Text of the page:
Photo: Evan Vucci / AP
The U.S. has backed out of the Treaty of Open Skies. Photo: Evan Vucci/AP

Trump's last gift to Putin: The end of the Treaty of Open Skies

Amid the noise of changing administrations, the U.S. ended a treaty that potentially preserved world security.


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As the U.S. population and world was occupied by Thanksgiving and the next appointees to President-elect Joe Biden's cabinet, the Trump administration ended its involvement in a key treaty that potentially ensured world security. The Treaty of Open Skies was already on the way out after it was announced the U.S. would leave in May. The withdrawal was confirmed on Nov. 22.

The treaty, signed with 33 other countries in Helsinki in 1992, granted reciprocal rights to fly over foreign countries with unarmed planes to watch for movements or concentrations of armed forces. The European-minded measure was necessary after the Cold War to reach agreements between the U.S. and Russia. It had been in effect since 2002, and although misused at times, it was a utilitarian measure to build confidence rather than prevent escalation.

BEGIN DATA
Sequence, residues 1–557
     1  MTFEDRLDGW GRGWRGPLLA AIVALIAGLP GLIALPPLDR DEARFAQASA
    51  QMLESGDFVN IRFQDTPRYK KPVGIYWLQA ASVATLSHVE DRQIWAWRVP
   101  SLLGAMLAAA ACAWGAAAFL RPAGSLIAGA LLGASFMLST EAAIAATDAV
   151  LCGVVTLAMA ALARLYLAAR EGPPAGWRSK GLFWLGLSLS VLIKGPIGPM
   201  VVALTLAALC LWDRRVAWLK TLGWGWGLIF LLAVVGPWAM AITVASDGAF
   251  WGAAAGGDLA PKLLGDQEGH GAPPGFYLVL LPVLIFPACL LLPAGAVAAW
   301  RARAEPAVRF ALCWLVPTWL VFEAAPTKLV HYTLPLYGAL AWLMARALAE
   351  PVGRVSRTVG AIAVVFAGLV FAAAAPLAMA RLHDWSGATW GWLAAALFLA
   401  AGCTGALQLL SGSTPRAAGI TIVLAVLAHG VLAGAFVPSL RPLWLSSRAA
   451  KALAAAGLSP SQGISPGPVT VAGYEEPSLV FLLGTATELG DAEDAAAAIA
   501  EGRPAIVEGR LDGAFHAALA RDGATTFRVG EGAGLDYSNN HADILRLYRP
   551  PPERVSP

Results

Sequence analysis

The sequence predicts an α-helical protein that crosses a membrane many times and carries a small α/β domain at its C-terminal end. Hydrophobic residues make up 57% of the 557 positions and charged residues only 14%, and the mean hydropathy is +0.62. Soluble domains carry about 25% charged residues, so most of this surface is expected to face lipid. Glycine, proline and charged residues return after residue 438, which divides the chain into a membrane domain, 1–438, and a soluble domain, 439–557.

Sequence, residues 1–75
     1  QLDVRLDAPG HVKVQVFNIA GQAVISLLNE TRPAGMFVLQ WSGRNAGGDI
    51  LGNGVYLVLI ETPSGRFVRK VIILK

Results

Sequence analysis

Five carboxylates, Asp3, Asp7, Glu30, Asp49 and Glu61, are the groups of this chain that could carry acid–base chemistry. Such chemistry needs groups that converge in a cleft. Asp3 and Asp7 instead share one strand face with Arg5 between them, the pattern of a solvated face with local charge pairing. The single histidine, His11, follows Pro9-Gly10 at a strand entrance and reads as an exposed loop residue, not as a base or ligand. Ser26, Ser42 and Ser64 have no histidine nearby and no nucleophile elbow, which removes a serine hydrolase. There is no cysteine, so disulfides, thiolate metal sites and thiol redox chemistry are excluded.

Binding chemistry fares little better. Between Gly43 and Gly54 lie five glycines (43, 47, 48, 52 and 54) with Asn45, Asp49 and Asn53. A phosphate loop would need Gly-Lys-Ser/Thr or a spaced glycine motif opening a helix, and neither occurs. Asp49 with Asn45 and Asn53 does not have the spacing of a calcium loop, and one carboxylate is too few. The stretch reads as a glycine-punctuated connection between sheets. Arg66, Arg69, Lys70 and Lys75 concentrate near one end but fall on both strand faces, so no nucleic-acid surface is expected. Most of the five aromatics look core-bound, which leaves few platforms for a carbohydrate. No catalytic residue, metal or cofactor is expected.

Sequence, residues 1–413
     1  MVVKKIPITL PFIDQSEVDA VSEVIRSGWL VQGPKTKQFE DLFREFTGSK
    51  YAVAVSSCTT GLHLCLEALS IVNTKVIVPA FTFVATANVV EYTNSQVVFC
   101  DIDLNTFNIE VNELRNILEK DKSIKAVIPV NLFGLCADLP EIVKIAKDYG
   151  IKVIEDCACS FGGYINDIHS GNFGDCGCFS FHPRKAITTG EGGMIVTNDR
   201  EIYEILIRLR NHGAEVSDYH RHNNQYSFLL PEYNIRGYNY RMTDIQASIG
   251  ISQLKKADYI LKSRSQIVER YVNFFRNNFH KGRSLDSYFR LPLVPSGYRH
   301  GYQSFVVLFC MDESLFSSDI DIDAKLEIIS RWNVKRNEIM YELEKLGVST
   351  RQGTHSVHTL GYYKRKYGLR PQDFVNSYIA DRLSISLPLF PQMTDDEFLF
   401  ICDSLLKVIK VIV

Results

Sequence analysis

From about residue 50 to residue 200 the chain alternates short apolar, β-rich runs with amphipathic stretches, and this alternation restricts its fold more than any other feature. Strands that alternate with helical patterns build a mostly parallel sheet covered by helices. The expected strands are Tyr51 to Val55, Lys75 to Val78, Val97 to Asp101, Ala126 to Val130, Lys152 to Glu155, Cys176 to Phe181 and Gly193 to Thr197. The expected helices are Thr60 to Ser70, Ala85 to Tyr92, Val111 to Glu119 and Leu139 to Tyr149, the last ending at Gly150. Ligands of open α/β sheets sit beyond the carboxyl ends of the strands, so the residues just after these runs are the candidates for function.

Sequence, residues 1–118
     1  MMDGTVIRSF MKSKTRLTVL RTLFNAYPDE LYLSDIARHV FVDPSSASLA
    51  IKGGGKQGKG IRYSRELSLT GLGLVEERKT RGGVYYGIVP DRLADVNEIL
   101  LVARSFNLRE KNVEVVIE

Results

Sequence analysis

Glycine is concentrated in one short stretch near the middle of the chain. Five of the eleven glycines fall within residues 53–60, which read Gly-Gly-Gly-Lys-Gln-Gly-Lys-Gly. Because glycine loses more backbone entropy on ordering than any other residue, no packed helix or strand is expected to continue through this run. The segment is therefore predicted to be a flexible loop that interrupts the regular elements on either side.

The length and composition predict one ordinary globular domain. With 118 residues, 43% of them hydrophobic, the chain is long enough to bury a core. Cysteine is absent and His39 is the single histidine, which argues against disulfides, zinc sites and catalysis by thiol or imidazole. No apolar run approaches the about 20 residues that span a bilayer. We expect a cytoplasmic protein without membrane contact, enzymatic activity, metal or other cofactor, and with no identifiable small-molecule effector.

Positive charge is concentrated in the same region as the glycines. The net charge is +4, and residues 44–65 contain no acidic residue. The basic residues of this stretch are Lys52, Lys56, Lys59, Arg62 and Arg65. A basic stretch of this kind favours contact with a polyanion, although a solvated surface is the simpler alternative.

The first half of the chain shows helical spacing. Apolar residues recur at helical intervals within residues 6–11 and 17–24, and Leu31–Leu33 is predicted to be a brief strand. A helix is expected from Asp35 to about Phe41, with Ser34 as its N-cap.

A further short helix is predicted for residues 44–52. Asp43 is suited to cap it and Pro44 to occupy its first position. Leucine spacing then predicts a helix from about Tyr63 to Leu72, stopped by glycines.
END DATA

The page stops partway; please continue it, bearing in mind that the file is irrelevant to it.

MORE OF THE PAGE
The U.S. leaving the agreement stems from claims the Russians were violated the agreement by restricting flights near Kaliningrad — an area between Poland and Lithuania. 

According to CNN, the army intends to share intelligence and satellite data with European allies to compensate for the loss, especially because it remains intact for European Union countries. 

Two days after the U.S. announcement, Kremlin spokesman Dmitri Peskov appeared to deny they had violated the treaty or failed to comply with any of its measures. Foreign Minister Sergei Lavrov later said on the Rossiya 24 network that "we are ready to continue cooperating within the framework of this important document, provided that the remaining parties strictly comply with the requirements." However, in light of the U.S. decision to leave, it was only a matter of time before deputy minister Sergei Riabkov hinted that Russia too would abandon because the treaty "loses viability." 

Both Russia and the U.S. claim contradictory problems with the treaty, and either one of them is lying, if not both. But what is more clear, is that the loss of the treaty will mean the loss of international observers on two of the most militarized countries on the globe.


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